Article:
Friday, December 05, 2008

For Sale: The Presidency?

Here is a story the mainstream national media will not write...

Barack Obama and his campaign spent so much money that it made it nearly impossible for John McCain to compete in the 2008 presidential election. President-elect Obama outspent McCain by the biggest margin in the history of politics.

Can you imagine if the Republican candidate had so outspent the Democrat? The "fat cat" Republicans would be vilified as having "bought" the election. In this year's election, not a peep from anyone. Where is the outrage at the possibility that money has so perverted the political process so as to make the playing field unfair for the Republicans? Can you imagine that story ever being written?

Time and again in this election cycle, we saw the differences on the ground in Hamilton County. Obama had more offices, paid staff, signs, buttons, t-shirts, and more of everything else. More importantly, we saw the Obama message on TV, the Internet, video games, radio, and everywhere else. That is what happens when you are outspent 2 to 1 in Ohio.

I am stealing much of the information for this blog post from Karl Rove's recent article in the Wall Street Journal. Read it here.

Why do I write this today? Sour grapes? No.

There are a few lessons here. First, we should never be at a disadvantage financially in the most crucial election for the biggest political job in the universe. Second, I believe it demonstrates one more way that Obama "got a pass" from the mainstream media. This story was covered, but not nearly as negatively as it would have been had McCain outspent Obama by a quarter-of-a-billion dollars and McCain had broken a pledge to take federal funding for his campaign. Third, we can't underestimate the importance of money in politics and we do so at our own peril.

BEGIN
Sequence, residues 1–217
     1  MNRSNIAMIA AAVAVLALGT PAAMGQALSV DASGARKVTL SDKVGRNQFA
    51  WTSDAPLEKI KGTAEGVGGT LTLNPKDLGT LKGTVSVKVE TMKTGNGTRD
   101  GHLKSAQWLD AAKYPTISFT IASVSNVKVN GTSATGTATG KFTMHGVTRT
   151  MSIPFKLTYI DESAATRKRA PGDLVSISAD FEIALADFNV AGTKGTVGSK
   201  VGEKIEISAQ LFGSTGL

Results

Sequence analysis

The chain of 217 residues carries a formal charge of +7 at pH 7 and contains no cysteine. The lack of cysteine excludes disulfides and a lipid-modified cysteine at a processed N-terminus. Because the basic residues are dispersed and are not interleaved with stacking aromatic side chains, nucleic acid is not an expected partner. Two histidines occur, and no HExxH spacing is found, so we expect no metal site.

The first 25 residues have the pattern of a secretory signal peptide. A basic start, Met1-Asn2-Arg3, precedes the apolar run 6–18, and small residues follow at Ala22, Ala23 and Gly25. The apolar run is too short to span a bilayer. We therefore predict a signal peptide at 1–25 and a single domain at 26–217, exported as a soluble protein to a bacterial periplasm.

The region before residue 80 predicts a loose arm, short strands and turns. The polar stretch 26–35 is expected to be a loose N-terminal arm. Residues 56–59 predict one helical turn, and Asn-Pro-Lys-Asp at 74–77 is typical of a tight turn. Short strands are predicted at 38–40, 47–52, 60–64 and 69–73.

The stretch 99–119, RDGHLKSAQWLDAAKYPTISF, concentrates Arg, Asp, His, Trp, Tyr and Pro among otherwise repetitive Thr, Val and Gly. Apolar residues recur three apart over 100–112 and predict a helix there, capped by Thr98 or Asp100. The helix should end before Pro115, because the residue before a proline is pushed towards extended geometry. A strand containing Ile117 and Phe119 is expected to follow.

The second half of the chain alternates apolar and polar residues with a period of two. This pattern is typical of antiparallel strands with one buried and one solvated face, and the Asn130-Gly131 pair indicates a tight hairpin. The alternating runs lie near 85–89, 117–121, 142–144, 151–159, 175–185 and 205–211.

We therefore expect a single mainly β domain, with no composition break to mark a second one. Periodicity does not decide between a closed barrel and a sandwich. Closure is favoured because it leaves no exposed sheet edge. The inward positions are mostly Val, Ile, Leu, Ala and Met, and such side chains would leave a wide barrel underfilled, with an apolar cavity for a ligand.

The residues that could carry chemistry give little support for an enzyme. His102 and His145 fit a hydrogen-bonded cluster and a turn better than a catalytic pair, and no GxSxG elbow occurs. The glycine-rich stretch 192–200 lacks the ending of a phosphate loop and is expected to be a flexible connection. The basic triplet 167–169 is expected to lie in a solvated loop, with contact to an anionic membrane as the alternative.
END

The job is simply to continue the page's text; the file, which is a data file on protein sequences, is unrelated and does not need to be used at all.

None of this should stop us from looking carefully at what we stand for as a party. None of this should be viewed as Republicans shifting blame for what we have done as a party when we controlled government.

It should be seen as a reality check on what actually happened in this last election cycle. Obama's "post-partisan" rhetoric and new wave campaigning deserves some credit. But, he did it the old fashioned way: he raised and spent the most money ever spent by a politician in the history of the United States. The rock star marketing campaign he waged costs lots of money. He had money to spare.

Rove said it best in his article: "Rather than showing the success of a new style of post-partisan politics, Mr. Obama's victory may show the enduring truth of the old Chicago Golden Rule: He who has the gold rules."